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U.S. v. DELIA

September 29, 1990

UNITED STATES OF AMERICA,
v.
NICHOLAS DELIA, DEFENDANT.



The opinion of the court was delivered by: Sweet, District Judge.

OPINION

Defendant Nicholas Delia ("Delia") has moved pursuant to Rule 29(a) for judgment of acquittal on Counts Two through Four charging violations of Title 18 U.S.C. §§ 513(a) and 2 because of the government's failure to prove that venue properly lies in the Southern District of New York. For the reasons set forth below, and stated in open court on September 13, 1990, Delia's motion is denied.

Prior Proceedings

Delia was convicted of all charges in a jury trial concluding on September 17, 1990. At the close of the government's case on September 13, Delia moved for acquittal on Counts Two through Four for lack of venue and, after consideration, the motion was denied in open court. On September 14, 1990 an oral version of the substance of this opinion was delivered in open court.

Facts

The facts concerning what the government had demonstrated in the trial are not disputed.

Delia is charged with aiding and abetting the substantive counts and, in Count One, with a conspiracy do undertake these violations. There is little question that venue lies in the Southern District for conspiracy.

The dispute presented by able counsel here is whether Delia, for whom there is no proof of any act he committed in the Southern District, can be prosecuted here for the substantive counts and aiding and abetting the substantive counts.

All parties agree that the government has not shown that defendant Delia committed any act in the Southern District of New York relating to the substantive counts charged, namely the "making, uttering, and possessing" of each of three forged checks with the intent to deceive an organization, in this case Bayside Management/Continental Reinsurance company, located in Manhattan, and from which the checks were stolen by accomplices and unindicted coconspirators. The checks were deposited in Brooklyn and there is testimony by a handwriting expert that it cannot be established that Delia traced the name "Walter J. Gross" from a signature also procured from the Continental Reinsurance company in Manhattan.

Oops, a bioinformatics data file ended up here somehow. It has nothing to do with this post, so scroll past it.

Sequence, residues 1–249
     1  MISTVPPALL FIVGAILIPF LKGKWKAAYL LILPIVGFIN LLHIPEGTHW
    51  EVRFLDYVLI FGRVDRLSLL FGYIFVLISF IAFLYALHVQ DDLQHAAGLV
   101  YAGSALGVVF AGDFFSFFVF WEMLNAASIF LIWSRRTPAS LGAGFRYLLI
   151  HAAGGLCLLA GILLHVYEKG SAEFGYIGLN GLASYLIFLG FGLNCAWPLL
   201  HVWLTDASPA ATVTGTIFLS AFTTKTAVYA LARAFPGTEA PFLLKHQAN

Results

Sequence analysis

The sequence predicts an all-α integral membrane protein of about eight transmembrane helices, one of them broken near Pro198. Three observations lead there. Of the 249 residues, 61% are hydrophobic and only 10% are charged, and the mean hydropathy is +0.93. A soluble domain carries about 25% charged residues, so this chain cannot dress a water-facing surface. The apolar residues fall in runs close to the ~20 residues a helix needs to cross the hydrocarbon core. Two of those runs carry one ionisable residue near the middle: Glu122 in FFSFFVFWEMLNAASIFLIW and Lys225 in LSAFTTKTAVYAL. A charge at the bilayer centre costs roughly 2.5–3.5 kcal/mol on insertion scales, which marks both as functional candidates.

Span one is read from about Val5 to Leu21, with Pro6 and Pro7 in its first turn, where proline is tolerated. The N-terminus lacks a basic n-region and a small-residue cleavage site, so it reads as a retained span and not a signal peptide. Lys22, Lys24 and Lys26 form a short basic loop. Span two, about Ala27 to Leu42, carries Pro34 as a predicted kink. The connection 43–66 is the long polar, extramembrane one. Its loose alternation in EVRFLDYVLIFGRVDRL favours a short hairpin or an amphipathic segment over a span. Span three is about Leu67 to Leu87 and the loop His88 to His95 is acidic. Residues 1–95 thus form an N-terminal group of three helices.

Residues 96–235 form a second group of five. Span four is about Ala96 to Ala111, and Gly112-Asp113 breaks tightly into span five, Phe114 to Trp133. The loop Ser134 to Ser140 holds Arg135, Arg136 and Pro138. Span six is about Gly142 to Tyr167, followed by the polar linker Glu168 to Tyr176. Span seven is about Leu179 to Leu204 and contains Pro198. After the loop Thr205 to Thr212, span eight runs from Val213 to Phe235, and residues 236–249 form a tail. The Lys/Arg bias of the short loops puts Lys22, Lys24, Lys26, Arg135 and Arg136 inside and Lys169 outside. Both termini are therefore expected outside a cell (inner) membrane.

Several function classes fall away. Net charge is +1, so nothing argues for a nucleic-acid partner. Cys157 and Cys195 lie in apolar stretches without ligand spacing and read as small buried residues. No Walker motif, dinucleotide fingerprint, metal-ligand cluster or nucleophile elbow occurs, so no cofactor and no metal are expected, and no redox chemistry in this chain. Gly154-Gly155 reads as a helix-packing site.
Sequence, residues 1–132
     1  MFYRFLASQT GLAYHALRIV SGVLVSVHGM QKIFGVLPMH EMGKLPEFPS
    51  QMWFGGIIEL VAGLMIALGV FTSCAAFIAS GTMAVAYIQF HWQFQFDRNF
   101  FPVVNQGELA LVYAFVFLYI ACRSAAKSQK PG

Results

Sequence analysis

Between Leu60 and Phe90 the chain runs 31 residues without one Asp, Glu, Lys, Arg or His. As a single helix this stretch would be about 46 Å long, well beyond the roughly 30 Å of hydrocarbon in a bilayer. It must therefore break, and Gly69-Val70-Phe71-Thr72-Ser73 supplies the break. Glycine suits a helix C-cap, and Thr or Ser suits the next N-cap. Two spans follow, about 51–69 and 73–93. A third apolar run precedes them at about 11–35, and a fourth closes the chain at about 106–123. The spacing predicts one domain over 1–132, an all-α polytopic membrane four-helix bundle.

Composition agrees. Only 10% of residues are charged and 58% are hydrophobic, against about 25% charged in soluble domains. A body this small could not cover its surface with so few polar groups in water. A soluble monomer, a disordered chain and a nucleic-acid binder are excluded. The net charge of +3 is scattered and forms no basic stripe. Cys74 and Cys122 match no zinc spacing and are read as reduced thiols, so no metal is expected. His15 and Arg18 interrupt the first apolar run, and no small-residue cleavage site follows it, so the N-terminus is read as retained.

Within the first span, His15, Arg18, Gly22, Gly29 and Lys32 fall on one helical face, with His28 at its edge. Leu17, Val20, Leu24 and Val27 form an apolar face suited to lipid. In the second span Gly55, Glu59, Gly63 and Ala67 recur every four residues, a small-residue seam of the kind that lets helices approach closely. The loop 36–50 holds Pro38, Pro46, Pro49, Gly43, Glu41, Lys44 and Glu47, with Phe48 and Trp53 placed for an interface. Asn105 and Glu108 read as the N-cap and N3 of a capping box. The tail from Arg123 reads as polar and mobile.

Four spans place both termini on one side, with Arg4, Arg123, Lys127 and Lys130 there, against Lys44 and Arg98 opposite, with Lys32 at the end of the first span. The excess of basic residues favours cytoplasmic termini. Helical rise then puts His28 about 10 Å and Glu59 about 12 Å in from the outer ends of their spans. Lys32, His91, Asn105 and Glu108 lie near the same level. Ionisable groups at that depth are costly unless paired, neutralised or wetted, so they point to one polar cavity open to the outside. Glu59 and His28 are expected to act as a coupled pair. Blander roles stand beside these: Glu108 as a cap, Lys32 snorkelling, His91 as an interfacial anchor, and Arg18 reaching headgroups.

Venue

Both Article III, § 2 cl. 3 and the Sixth Amendment guarantee to the defendant the right to be tried in the district where the crime is considered to have been committed and the burden is on the government to prove that the crime was committed in the district in which the defendant is being prosecuted for each count charged. United States v. Beech-Nut Nutrition Corp., 871 F.2d 1181, 1188 (2d Cir.), cert. denied, ___ U.S. ___, 110 S.Ct. 324, 107 L.Ed.2d 314 (1989); Fed.R.Crim.P. 18.

As the Second Circuit recently stated in Beech-Nut, "[i]f the federal statute defining an offense does not indicate explicitly where Congress believes the criminal act is committed, `the locus delicti must be determined from the nature of the crime alleged and the location of the act or acts constituting it.'" 871 F.2d at 1188 (quoting United States v. Anderson, 328 U.S. 699, 703, 66 S.Ct. 1213, 1216, 90 L.Ed. 1529 (1946)). To make this determination, the court is guided by the statement set forth in United States v. Reed, 773 F.2d 477, 481 (2d Cir. 1985) that:

  the test [for constitutional venue] is best
  described as a substantial contacts rule that
  takes into account a number of factors — the site
  of the defendant's acts, the elements and nature of
  the crime, the locus of the effect of the criminal
  conduct, and the suitability of each district for
  accurate factfinding.

One suggested method of beginning this analysis is to look at the "key verbs" used by the statute in defining the offense. United States v. Chestnut, 533 F.2d 40, 46-47 (2d Cir.), cert. denied, 429 U.S. 829, 97 S.Ct. 88, 50 L.Ed.2d 93 (1976). Accordingly, we turn to ...


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